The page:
Tuesday, June 11, 2024

June 2024 Newsletter

 Privy Examination 

A Privy Examination: 16 - 20th centuries
A separate "private" examination to confirm that the sell of "her" property was not due to coercion or pressure from her husband. The law required the Judge or Justice of Peace to obtain, and note, the married woman's consent as a step in signing the legal document.

Her Pride

What is the Meaning of "Lesbian"
Pride Month led me to ask "What does "lesbian mean?" Which led me to wonder how long has the word lesbian been used to describe relationships. Well, the word "lesbian" has its roots in ancient Greek culture and literature, specifically linked to the life and works of Sappho and the island of Lesbos from c. 630-570 BCE. Evolved from the association with Sappho and her works, the term "lesbian" began to be used in the late 19th century to refer to female homosexuality. 

History and historical documents and writings tell us alternative lifestyles have always existed. And, as genealogists, it's hard to be blind to the records that reveal our ancestors' secrets.  I've written about some of my non-traditional unions already. The relationship of Elena DeSayn and Alice Eversman was revealed through IRS tax records awaiting me at the Library of Congress. Read Library of Congress Holdings. 

6 Tips to Start Your Research
  1. Read: Was Grandma a Feminist? shhh... Her Secret Life? Many women were feminists. But, it is here that we often uncover names and associates. But more research is required to understand your female ancestors. There have always been advocates, and those who wanted freedom  to speak, financial anonymity, sexual choices, and to buck against the cultural construct. 
  2. Divorce Records: I was able to uncover spousal accusations, with names in divorce records.
  3. Asylum records: Yes, "unnatural" relationships could have caused an ancestor to be institutionalized
  4. University Special Collections. I've had great success here but stay tuned. Will be posting a full blog and will add the link here once completed. 
  5. Newspapers and Journals: The Feminist movement was well covered across America. It is here where many uncover their ancestors names. However, one must not assume an ancestor was a lesbian due to their involvment. Some were fighting for rights and many had support of her husbands. But, further research may provide more information on the organization, there parites (sometimes rumored), or their boldness.
  6. "Boston Marriage" keyword. This keyword is a big hint that your ancestor had a non-traditional marriage. The relationship may have been platonic, or a "sympathetic union.Or, it may have been their preferred life-time mate in which many would say they were lesbians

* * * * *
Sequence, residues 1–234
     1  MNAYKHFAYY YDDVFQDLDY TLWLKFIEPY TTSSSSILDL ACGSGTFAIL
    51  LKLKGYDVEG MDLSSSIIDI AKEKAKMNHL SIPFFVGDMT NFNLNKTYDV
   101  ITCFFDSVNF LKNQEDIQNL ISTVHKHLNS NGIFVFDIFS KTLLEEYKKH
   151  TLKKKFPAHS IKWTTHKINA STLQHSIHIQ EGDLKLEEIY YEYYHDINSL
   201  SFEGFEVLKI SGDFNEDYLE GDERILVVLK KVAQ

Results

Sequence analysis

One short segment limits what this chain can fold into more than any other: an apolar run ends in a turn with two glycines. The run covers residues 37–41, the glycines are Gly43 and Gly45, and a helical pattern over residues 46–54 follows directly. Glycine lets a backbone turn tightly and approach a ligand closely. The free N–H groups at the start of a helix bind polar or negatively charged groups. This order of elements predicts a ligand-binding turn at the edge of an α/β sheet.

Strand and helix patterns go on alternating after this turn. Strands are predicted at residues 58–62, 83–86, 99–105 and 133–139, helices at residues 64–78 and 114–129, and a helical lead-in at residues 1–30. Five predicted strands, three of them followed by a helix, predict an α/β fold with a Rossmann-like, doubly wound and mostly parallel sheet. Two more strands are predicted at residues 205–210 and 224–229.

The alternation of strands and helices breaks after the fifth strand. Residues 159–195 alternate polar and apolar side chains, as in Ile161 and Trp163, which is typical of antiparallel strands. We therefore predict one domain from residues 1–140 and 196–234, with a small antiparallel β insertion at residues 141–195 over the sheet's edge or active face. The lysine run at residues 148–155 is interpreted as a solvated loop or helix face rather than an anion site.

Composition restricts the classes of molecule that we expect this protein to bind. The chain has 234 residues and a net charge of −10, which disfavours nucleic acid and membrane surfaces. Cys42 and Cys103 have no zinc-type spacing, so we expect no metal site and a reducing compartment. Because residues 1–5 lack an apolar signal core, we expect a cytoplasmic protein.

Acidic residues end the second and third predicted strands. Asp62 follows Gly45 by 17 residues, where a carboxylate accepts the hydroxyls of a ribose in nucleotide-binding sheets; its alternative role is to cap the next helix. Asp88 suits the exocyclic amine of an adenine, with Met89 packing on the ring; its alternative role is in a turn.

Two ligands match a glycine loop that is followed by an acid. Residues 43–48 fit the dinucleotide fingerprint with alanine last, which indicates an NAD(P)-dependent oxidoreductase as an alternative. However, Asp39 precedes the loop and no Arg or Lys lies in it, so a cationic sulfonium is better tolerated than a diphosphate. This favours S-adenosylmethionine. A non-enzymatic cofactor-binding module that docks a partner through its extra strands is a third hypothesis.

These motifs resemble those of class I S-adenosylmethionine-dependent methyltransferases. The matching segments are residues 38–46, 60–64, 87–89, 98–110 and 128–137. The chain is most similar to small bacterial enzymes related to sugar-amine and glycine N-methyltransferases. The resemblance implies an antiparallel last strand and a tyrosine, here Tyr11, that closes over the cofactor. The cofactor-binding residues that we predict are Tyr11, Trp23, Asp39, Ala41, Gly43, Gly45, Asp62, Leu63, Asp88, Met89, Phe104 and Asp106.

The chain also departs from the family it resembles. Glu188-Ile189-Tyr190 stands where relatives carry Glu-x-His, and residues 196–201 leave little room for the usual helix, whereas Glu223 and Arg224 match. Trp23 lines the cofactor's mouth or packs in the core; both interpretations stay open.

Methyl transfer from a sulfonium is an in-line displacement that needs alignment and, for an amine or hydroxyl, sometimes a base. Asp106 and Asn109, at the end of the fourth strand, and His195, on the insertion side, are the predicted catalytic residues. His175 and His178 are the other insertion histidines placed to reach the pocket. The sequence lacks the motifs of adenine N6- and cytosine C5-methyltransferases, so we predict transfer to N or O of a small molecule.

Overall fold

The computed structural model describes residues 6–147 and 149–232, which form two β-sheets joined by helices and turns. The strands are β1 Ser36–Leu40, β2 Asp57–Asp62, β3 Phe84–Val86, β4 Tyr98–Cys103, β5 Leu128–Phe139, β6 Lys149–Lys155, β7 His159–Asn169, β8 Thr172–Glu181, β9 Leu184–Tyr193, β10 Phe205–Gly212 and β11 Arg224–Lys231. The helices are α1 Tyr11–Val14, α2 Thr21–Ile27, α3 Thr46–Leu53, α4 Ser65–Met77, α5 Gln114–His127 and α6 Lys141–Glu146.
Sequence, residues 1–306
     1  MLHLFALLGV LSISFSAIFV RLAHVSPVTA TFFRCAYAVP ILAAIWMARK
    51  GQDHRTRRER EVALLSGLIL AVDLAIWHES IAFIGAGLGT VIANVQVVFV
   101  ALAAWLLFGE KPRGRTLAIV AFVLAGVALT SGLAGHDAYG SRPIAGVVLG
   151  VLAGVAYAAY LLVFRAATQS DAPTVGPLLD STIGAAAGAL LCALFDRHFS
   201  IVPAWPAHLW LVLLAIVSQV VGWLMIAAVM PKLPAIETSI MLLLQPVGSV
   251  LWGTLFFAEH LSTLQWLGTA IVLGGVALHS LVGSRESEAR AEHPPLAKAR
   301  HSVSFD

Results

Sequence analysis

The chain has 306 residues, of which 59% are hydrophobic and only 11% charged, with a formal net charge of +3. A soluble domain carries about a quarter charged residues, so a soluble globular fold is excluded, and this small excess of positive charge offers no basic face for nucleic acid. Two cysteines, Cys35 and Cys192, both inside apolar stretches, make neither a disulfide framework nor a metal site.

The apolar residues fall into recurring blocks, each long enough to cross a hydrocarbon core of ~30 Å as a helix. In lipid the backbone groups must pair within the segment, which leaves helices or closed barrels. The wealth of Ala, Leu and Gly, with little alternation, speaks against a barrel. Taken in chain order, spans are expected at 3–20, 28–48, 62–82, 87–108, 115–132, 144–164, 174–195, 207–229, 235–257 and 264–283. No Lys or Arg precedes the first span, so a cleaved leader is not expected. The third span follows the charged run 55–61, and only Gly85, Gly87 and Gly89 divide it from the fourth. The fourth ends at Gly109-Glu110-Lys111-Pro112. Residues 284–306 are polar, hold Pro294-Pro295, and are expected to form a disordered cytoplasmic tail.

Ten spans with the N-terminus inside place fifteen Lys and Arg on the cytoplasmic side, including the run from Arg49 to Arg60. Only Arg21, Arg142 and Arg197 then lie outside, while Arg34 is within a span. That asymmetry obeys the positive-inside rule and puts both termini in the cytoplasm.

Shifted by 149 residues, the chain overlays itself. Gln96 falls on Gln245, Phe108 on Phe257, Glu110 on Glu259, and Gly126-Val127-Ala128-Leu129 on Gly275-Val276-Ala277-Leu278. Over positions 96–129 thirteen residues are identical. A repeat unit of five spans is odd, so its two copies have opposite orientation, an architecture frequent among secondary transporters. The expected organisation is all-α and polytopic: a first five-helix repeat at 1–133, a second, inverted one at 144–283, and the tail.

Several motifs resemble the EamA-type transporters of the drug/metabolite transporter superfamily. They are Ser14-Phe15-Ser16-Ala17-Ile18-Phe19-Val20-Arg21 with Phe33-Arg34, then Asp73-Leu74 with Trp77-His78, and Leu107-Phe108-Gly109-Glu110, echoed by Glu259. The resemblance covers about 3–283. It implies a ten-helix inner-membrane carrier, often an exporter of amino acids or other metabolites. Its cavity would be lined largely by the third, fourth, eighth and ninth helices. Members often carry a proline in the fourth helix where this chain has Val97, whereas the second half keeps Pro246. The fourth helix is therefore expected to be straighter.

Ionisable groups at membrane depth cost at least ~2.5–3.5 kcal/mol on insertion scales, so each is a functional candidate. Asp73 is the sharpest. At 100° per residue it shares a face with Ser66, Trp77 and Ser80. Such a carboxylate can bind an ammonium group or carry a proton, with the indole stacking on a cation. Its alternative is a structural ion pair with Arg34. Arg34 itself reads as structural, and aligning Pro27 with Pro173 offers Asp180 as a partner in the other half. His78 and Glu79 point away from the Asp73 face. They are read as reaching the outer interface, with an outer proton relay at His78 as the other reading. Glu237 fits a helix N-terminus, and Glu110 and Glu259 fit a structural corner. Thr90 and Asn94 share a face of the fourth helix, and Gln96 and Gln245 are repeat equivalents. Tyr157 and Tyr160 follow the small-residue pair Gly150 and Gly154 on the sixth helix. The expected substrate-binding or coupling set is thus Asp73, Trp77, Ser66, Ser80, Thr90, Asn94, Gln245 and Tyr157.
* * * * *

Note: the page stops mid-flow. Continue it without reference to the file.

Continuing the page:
St. Louis Globe - Democrat, 1894, pg 27

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AI: Make It Work For You
We heard you.  You wanted proof. It's easy. Let us show you how to use FamilySearch Experimental AI.

Step 1: Log in using your free familysearch.org accout.

Step 2. Go to the home page by clicking on the Family Search logo on the upper left-hand coner. 


Step 3.  Scroll down to the far right bottom of the page and find VIEW EXPERIMENTS. Keep in mind it is in beta, so the image placements may change, but the wording has so far been the same. 

Step 4.  In the middle of the top row, you will see this image with Expand your search with Full Text. And Go to Experiment. 
Feel free to try all the buttons, but this is the one you were asking about after the last podcast. 

Step 5. Start Your Search using Keywords. Trying to find relationships?

This gave 5545 returns. With both names in quotes it translates just find ever occurence of Thomas Baird and/or Polly Baird. This would allow me to gather places, timeframes, names, etc.  But it's AI, I can narrow that if I need to.

Now the Search Tips give you little to work with, but here are a few suggestions. 

Are you needing to narrow your search? In my wide search, I learned there are several Thomas Bairds and several Polly Bairds in Ohio. I need the correct 1) Polly Baird 2) I need to confirm her relationship with Thomas, 2) I need her to be married or widowed to a Samuel Thompson.  Of, course there are times when we have to widen our search. For example, Wonder how many Thomas and Polly Bairds there are in Ohio?But I want only documents that have both names in it and the bonus if S. Thompson is also named in the same document.  You can put all three in your search, but for our purpose (and my need to narrow down one step at a time), I'm showing yu how I do it. 

So, I add the "+" sign before each person of interest with the "quotes.. This translates to I want all the occurences of these names in the "same" document. 

Wow!That gave only two documents with them together and both documents are in Hamilton Ohio. That was a big lead for me. I wasn't sure where they had moved to/from. 

Big Bonus
These documents answered all my questions. It not only named Polly, it confirmed Thomas was her father and Samuel was her husband. 
Oh...and I learned the cause of my confusion

Polly Baird was the daugther of Thomas Baird by his first wife, Jane Kilgore, the daughter of Charles Kilgore of County Knox, Indiana Territory. Here's a link to the document: bit.ly/45ydxW1
Now do you see why I love this AI program?

A Bit More Under ther Umbrella: 
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Kathleen Brandt & The Board of Tracing Ancestors

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